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So to me this seems to be a really efficient sorting algorithm at least for a very particular case as follows;

  1. Sorting positive integers only or negative integers only (zero included).
  2. Works much more efficient if you have duplicates
  3. Works much more efficient when elements are discontinuous (sparse)

The Array structure in JS is complicated and in time has been optimized greatly. You may like to watch this before proceeding any further but i will try to summarize. Depending on their structures there are basically 6 types of arrays.

enter image description here

PACKED_SMI_ELEMENTS   : [1,2,3]
PACKED_DOUBLE_ELEMENTS: [1.1,2,3]
PACKED_ELEMENTS       : [1,2,"c"]

These are dense arrays and there are three separate optimization layers for them. Then we have three more types coming with their own optimization layers.

HOLEY_SMI_ELEMENTS    : [1,,3]
HOLEY_DOUBLE ELEMENTS : [1.1,,3]
HOLEY_ELEMENTS        : [1,,"c"]

In our case we may have a HOLEY_SMI_ELEMENTS type of array at hand. But i think not all HOLEY_SMI_ELEMENTS type arrays are the same. I guess if the gap between the elements are big enough we end up with a NumberDictionary type where the elements are now of DICTIONARY_ELEMENTS. Now most probably we are here. Normally this is very inefficient compared to normal arrays when normal array operations are performed but in this very particular case it shines. Further reading here.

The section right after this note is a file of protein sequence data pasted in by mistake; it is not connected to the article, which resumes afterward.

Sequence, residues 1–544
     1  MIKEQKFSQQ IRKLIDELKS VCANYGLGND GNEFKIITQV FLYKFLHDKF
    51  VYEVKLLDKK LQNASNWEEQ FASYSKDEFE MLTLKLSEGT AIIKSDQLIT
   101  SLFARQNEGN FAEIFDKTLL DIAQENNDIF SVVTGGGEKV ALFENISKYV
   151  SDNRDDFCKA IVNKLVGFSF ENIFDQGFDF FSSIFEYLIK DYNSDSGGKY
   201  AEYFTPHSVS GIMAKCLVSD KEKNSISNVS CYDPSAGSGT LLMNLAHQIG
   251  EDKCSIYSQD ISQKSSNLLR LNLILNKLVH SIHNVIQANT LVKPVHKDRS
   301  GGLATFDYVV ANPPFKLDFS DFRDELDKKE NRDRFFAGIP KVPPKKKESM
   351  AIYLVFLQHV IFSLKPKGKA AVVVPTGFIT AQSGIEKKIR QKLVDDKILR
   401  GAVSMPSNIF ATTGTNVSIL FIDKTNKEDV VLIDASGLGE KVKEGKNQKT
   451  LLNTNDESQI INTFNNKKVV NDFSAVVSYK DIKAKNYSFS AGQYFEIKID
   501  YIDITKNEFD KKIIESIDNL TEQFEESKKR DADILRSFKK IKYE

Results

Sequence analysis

Now what i couldn't find is, how exactly the number keys (indices) are stored in a NumberDictionary type array. Perhaps balanced BST or Heap with O(log n) access

OK then can we not use a map to start with..? Perhaps we can but it wont be a NumberDictionary and possibly the map keys are not handled like in NumberDictionary. For example In Haskell there is the Map data type which takes two types like Ord k => Map k v which says k type is requried to be a member or Ord type class so that we can apply operations like < or > on k type. Map is implemented on Balanced BST. However there is also an IntMap type where keys have to be Integers. This is how it is explained in Data.IntMap reference.

The implementation is based on big-endian patricia trees. This data structure performs especially well on binary operations like union and intersection. However, my benchmarks show that it is also (much) faster on insertions and deletions when compared to a generic size-balanced map implementation.

It turns out the mentioned big-endian patricia trees are in fact Radix Trees. I think once you end up with a NumberDictionary your keys are stored in a Radix Tree. So in this very algorthm, having duplicates in the array enforce you do Radix sort on keys and count sort on values at the same time. This way of sorting in some particular cases in JS might be reasonable.